Gary Lerude, MWJ Technical Editor
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Gary Lerude

Gary Lerude is the Technical Editor of Microwave Journal. Previously, he spent his career as a “midwife” aiding the growth of the compound semiconductor industry, from device to application, from defense to commercial. He spent 19 years at Texas Instruments, 11 years at MACOM and six years with TriQuint. Gary holds a bachelor’s in EE, a master’s in systems engineering and an engineers degree (ABD) in EE.

Weekly Report

For the week ending April 15

April 17, 2016

Here's the news from the past week that caught my attention:

Companies and Products

Broadcom introduced a dual-channel 5 GHz Wi-Fi access platform, which will increase data rates for venues with many simultaneous users.

To support growth, Custom MMIC moved their headquarters, tripling lab and office space.

At their annual developer conference, Facebook unveiled two infrastructure systems being developed by their Connectivity Labs: Terragraph is a 60 GHz multi-node wireless link intended to increase data capacity in dense urban environments. The design approach is based on the WiGig standard — using commercial, off-the-shelf WiGig components — and cloud processing to reduce the cost of the phased array radios, which would be spaced some 250 m apart throughout a city. Initial testing has achieved 2 x 1.05 Gbps per radio link, which equals 8.4 Gbps for a four sector node.

Terragraph four sector node (left) and prototype (right). Source: Facebook.
Terragraph four sector node (left) and prototype (right). Source: Facebook.

The goal of Facebook's Project ARIES (Antenna Radio Integration for Efficiency in Spectrum) is to increase the spectral efficiency of the base station (BTS) to over 100 bps/Hz. The design approach is a "massive MIMO" BTS with 96 antennas that can support 24 simultaneous data streams. An initial prototype has demonstrated 71 bps/Hz. Facebook's focus is using the BTS to cover rural areas that do not have broadband infrastructure. The company says 97 percent of the globe's population lives within 40 km of a major city, which would make deploying such systems feasible.

Project ARIES prototype antenna. Source: Facebook.
Project ARIES prototype antenna. Source: Facebook.

Huawei released annual results for 2015, reporting that revenue grew 37 percent to CNY395 billion ($60.8 billion). Their carrier (infrastructure) segment grew 21 percent, consumer (handsets) 73 percent.

The strange case of the suspicious "offer" to buy IDT. Was it just a ploy to game the stock price and make a quick profit?

Nokia and China Mobile ran a trial of C-RAN (cloud or centralized radio access network) at a stadium with 6,000 people. The trial demonstrated up to 62 percent higher upload speeds.

NXP released a 1.5 kW LDMOS transistor, which NXP says is the highest power solid-state device in any technology. The 50 V transistor operates to 500 MHz and is in an air cavity ceramic package.

Presto Engineering and Peraso Technologies have teamed to develop a high volume test system for Peraso's 60 GHz WiGig chipset. The companies' goal is to reduce test time by 40x.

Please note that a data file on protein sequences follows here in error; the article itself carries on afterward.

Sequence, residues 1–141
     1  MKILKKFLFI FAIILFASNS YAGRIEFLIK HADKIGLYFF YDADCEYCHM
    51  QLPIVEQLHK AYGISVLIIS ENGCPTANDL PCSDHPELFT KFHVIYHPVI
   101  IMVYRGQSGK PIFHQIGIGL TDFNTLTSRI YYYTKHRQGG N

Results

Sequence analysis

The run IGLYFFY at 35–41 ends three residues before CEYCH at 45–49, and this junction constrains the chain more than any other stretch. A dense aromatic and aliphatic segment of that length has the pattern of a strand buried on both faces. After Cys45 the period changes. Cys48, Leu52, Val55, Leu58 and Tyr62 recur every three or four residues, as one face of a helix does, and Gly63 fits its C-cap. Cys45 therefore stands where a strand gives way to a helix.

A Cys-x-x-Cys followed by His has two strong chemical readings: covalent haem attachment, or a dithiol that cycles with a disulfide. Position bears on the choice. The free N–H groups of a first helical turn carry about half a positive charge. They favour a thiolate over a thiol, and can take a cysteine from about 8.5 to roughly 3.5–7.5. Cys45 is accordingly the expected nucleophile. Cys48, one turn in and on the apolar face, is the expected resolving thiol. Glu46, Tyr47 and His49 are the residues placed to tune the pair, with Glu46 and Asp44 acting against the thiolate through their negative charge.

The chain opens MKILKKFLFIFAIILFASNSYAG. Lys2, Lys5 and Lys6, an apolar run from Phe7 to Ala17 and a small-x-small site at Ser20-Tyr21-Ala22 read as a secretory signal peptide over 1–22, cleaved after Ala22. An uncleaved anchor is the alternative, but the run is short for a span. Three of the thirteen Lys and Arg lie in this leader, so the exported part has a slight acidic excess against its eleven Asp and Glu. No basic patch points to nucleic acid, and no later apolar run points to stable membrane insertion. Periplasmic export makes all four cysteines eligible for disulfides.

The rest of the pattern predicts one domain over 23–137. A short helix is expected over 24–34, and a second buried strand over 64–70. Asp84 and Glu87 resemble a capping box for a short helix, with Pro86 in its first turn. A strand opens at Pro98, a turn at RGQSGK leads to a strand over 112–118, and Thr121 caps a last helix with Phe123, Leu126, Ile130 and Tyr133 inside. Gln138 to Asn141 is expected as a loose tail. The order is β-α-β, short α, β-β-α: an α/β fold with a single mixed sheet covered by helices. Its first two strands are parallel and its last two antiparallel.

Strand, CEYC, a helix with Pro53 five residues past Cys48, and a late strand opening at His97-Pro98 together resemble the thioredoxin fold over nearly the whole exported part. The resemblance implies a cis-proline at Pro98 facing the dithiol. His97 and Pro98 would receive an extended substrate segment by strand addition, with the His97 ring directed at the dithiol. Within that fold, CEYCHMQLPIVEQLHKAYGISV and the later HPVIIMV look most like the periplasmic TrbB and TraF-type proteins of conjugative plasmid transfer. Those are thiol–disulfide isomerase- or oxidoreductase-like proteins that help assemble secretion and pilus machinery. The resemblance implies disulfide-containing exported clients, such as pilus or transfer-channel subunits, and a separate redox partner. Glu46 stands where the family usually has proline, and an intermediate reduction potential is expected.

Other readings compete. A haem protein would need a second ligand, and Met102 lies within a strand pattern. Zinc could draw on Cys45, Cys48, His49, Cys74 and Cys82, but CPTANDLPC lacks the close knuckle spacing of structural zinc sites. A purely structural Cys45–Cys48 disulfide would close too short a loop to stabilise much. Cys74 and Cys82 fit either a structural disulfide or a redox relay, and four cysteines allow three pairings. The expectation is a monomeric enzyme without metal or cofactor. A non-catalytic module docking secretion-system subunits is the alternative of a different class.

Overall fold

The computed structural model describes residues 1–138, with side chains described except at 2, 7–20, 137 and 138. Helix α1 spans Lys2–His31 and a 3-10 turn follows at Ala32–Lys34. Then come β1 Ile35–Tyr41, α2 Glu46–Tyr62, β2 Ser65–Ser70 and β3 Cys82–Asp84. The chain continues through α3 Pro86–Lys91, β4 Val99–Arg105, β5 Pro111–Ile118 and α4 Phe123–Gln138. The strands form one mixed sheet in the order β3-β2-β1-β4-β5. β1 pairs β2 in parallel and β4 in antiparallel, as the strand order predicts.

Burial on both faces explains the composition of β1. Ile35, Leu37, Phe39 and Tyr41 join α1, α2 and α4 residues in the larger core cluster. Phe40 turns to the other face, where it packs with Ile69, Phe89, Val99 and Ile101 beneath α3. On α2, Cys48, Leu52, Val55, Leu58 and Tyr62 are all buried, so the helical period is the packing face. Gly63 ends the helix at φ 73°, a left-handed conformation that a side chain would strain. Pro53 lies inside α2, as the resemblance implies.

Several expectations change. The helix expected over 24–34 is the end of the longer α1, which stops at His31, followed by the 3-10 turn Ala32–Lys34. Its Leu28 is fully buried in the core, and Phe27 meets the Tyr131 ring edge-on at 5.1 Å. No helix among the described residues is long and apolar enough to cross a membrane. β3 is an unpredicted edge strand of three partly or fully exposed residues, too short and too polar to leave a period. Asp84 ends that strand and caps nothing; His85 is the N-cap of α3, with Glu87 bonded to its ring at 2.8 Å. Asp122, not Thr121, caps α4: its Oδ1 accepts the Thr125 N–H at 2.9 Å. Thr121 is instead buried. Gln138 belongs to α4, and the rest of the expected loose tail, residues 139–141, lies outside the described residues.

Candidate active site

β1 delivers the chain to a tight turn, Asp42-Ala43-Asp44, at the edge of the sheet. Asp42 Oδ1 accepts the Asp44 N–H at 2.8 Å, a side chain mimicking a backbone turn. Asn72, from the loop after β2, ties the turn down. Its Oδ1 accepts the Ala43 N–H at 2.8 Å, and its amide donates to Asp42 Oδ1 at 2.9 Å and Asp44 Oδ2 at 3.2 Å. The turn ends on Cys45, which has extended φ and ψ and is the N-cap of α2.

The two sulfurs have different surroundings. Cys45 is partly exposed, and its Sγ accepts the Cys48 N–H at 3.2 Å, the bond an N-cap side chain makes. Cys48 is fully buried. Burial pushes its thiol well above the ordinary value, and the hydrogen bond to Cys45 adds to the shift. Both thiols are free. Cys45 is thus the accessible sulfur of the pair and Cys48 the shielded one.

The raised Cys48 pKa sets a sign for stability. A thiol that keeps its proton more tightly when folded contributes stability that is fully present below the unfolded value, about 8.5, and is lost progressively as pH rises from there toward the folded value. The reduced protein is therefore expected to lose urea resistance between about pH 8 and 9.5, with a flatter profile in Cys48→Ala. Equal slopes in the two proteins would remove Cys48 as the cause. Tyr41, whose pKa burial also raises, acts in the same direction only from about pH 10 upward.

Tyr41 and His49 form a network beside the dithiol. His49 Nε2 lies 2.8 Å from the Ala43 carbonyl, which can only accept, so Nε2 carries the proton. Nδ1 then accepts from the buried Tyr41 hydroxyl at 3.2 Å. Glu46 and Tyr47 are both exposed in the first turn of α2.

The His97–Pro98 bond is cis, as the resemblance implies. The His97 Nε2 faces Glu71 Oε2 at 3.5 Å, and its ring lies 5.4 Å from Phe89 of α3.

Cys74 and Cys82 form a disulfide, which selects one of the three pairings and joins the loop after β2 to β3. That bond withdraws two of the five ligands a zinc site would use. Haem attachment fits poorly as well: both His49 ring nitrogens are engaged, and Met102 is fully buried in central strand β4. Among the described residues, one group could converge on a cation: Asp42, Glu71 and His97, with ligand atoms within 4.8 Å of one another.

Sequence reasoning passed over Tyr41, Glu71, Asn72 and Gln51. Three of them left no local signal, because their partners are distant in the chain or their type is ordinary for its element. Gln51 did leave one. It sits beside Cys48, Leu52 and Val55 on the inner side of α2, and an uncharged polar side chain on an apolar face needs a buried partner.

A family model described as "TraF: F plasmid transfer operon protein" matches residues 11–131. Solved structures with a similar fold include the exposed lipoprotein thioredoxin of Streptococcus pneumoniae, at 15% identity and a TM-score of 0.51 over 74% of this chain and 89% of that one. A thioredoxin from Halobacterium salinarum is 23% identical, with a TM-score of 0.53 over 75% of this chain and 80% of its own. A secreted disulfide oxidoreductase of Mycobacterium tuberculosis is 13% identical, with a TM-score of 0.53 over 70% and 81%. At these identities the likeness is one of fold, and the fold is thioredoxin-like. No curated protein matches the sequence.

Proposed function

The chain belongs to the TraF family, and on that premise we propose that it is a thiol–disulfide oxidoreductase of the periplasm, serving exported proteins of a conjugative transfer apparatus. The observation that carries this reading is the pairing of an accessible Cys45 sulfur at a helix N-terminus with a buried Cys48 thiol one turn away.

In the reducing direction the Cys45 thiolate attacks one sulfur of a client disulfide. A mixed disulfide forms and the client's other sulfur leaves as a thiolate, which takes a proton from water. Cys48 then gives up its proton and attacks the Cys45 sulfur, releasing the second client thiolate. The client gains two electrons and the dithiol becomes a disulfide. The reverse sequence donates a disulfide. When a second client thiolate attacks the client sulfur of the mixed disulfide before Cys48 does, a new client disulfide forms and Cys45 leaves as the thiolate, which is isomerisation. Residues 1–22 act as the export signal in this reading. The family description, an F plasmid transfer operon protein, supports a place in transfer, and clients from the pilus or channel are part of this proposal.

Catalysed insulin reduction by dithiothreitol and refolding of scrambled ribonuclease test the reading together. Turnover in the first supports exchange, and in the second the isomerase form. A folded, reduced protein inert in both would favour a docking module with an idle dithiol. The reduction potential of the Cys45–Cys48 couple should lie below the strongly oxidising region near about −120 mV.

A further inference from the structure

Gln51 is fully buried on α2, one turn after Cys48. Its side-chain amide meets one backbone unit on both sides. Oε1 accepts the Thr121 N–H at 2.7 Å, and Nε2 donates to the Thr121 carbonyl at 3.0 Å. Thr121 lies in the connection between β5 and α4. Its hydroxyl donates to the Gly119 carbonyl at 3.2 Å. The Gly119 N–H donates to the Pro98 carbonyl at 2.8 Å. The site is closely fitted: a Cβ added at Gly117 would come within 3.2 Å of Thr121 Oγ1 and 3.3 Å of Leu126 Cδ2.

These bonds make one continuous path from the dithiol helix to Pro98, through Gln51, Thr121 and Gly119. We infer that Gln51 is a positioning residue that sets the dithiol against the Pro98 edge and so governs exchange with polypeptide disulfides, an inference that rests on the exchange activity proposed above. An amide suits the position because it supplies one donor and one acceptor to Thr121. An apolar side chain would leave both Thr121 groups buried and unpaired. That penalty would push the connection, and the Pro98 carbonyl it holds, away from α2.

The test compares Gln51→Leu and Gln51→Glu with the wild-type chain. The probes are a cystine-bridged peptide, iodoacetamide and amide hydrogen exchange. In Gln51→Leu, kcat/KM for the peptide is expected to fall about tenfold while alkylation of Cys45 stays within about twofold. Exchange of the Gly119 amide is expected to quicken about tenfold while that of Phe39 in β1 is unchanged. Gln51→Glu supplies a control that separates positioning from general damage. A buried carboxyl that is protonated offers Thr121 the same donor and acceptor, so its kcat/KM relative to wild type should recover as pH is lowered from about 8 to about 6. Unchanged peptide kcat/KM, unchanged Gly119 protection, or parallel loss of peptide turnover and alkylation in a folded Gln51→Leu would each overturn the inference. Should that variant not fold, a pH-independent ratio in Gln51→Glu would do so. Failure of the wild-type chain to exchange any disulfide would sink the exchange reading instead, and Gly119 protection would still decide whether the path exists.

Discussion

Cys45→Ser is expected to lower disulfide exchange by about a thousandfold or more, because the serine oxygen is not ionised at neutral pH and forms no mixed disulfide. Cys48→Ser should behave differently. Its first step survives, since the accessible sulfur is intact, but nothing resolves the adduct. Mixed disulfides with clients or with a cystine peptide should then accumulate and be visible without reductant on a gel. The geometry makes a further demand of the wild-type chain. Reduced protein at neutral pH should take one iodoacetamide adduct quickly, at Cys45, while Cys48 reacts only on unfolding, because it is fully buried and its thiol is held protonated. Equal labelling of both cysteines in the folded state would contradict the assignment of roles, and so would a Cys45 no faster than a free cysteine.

Wolfspeed demonstrated that their GaN process technology meets NASA's reliability standards for satellite and space systems.

Markets and Technology

5G — FCC chairman Tom Wheeler outlined plans for U.S. leadership in 5G. The FCC is working on spectrum allocation and a new framework for backhaul.

ABI Research forecasts that 5G will deploy faster than 4G, reaching $247 billion in revenue by 2025. Achieving the data rates expected from 5G will require wide deployment of small cells; ABI projects 8.5 million will be fielded by 2020.

Broadband — After halting FiOS expansion in 2010, Verizon announced it will deploy fiber throughout Boston, investing $300 million to build a city-wide network.

To supplement FTTH, Google Fiber is exploring wireless options to connect the last mile, according to Craig Barratt, CEO of Google's access business.

IoT — Verizon released a report surveying the state of the Internet of Things. Their conclusion: the IoT is already mainstream.

To wit, as the baseball season begins, you might just see IoT at the ballpark.

Automotive — Wi-Fi connected, self-driving trucks platooned across Europe to show the feasibility of the technology. Now the challenge is to navigate the governmental bureaucracies.

Defense — The U.S. Navy approved EMD (engineering and manufacturing development) for the Next Generation Jammer (NGJ). NGJ is an external pod that will replace the AN/ALQ-99 tactical jamming system on the EA-18G Growler. Raytheon is the prime contractor.

Despite program delays, the U.S. Air Force expects the F-35 to achieve initial operational capability (IOC) during the second half of 2016.

China — China's March exports grew 11.5 percent year-over-year, the first increase since last June. The Lunar New Year affected the results, which dampened some of the optimism surrounding the gain.

The Final Frontier — Another stunning scene: SpaceX lands their Falcon 9 first stage on a floating barge in the Atlantic, demonstrating it can be done. Stand by for Mars.


If you see news that you would like covered in this weekly summary, please email me at glerude@mwjournal.com. If it's more convenient to receive these weekly updates via email, send me your email address.

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